Besides identity protection, the company’s other fastest-growing module at the moment is data observability, based on its early 2021 acquisition of Humio, which was recently rebranded to Falcon LogScale. And while highly applicable to security, observability focuses on tracking and assessing many types of IT data. Observability enables customers to "do things that are not just security-related," Kurtz said, such as deploying software patches and taking other actions to improve IT hygiene.

George Kurtz, chief executive officer of Crowdstrike Inc., stands for a photograph following a Bloomberg Technology television interview in San Francisco, California, U.S., on Wednesday, Sept. 25, 2019. Kurtz reacted to President Donald Trump's cryptic remark about the company in a call to Ukraine's president. Photographer: Michael Short/Bloomberg via Getty ImagesGeorge Kurtz, CEO of CrowdStrike. Photo: Michael Short/Bloomberg via Getty Images

In total, CrowdStrike reported that it was generating $2.14 billion in annual recurring revenue as of its latest quarter, with its "emerging products" category contributing $219 million. ARR for those emerging products — which include identity protection and observability, but not more-established areas for CrowdStrike, such as workload protection — surged 129% from the same period a year before.

Looking ahead, "we'll continue to solve problems that are outside of core endpoint protection and workload protection, but are related, in the IT world," Kurtz said.

Security expansion

Even within cybersecurity itself, CrowdStrike's emphasis on observability "shows that the industry is starting to recognize that cybersecurity is a data problem," said Deepak Jeevankumar, a managing director at Dell Technologies Capital, who had led an investment by the firm into Humio.

CrowdStrike has no ambitions to get into areas such as network or email security, Kurtz noted. But if a certain business challenge involves collecting and evaluating data from endpoints or workloads, whether that's IT or security data, "we can do that," he said.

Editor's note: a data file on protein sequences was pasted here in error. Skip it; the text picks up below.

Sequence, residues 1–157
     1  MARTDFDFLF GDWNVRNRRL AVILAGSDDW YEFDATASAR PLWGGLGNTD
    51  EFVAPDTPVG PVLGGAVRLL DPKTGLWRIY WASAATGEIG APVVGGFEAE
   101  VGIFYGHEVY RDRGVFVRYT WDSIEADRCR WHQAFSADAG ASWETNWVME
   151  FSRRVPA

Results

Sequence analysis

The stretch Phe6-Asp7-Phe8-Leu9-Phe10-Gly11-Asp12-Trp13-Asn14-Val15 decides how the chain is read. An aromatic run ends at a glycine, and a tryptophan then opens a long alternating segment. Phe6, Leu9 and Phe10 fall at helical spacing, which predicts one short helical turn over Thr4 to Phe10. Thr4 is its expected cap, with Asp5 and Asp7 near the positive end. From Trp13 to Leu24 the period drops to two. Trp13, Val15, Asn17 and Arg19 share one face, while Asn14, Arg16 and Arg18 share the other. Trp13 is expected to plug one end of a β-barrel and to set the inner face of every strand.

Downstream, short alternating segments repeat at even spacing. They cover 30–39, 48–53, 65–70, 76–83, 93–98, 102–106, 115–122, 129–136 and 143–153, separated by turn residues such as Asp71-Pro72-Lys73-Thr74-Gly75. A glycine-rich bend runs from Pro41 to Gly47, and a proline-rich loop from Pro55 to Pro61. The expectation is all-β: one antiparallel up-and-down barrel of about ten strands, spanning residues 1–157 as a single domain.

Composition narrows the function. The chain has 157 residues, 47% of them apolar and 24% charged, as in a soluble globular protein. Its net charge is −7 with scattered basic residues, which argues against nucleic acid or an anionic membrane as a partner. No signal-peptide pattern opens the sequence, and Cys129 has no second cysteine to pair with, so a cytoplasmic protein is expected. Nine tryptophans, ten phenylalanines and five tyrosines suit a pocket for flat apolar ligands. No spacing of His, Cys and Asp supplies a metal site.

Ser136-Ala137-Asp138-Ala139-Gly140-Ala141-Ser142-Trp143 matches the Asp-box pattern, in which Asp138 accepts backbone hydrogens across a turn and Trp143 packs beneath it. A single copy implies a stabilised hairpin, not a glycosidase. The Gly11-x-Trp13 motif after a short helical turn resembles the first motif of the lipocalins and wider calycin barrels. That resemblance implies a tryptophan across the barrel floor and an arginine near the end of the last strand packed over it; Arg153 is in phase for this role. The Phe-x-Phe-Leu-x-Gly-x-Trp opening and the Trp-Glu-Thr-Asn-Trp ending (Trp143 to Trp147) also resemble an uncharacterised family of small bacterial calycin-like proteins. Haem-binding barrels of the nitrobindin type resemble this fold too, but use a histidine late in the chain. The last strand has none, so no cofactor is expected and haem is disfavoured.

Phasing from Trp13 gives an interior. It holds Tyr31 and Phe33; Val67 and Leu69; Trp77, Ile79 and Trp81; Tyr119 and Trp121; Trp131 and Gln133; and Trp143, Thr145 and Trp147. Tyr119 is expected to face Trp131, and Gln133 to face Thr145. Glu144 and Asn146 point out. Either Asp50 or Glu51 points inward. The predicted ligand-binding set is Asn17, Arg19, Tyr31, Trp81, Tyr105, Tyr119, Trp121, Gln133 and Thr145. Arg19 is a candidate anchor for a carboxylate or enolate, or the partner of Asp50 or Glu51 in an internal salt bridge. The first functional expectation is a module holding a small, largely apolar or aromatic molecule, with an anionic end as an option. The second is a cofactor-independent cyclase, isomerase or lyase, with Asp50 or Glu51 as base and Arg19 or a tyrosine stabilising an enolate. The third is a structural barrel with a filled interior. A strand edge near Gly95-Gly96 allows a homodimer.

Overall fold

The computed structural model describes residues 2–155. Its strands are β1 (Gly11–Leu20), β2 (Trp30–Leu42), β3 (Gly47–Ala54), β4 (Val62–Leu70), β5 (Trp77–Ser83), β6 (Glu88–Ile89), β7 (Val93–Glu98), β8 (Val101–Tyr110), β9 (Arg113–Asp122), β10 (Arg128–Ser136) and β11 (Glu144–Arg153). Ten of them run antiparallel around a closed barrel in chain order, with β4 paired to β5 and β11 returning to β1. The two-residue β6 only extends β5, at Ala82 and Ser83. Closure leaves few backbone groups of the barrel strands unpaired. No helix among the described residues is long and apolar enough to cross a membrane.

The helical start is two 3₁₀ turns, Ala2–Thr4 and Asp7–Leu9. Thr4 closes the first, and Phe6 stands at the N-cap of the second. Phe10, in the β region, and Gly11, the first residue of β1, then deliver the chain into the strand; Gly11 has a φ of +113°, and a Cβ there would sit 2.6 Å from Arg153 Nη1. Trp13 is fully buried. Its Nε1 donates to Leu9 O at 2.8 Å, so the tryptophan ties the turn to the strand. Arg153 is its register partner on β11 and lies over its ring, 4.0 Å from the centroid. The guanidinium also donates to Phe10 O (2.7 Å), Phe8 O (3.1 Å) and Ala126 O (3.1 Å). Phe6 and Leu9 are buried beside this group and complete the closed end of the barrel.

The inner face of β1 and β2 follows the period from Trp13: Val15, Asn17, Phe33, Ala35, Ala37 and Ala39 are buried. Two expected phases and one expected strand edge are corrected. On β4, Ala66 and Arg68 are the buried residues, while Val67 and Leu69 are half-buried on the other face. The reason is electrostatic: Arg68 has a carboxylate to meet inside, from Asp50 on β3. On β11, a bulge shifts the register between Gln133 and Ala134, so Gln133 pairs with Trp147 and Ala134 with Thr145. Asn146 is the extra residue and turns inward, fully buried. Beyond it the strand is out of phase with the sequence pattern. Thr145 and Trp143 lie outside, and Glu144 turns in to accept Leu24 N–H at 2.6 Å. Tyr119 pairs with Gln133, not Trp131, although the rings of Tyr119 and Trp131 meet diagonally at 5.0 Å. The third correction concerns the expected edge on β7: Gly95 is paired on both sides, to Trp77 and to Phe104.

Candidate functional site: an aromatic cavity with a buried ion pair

Application security is another future area of interest, Kurtz said. Given the criticality of many business applications, "understanding their security, who's using them, how they're being used — that's important for organizations of many sizes to have that level of visibility and protection."

Within security, CrowdStrike is also notably embracing an approach that's come to be known as extended detection and response, or XDR, for correlating data feeds from a variety of different security tools. CrowdStrike's XDR approach taps into data both from its own products and from third-party tools, including vendors in its CrowdXDR Alliance that have technical integrations with CrowdStrike.

While XDR is no doubt an industry buzzword, it's the most effective way yet to put the pieces together and understand how a cyberattack occurred, Kurtz said. "Before XDR, we were sort of blind to how [an attacker] got to the endpoint," he said. "Now we’re able to tell the whole story."

CrowdStrike offers a number of managed security services as well, which the vendor was quick to recognize as an important option amid the cybersecurity talent shortage, according to Peter Firstbrook, vice president and analyst at Gartner.

“CrowdStrike actually perfected this,” Firstbrook said. “They ran into this roadblock early. Customers said, ‘Look, this [technology] is really cool. But we don't have anybody that can manage it.’”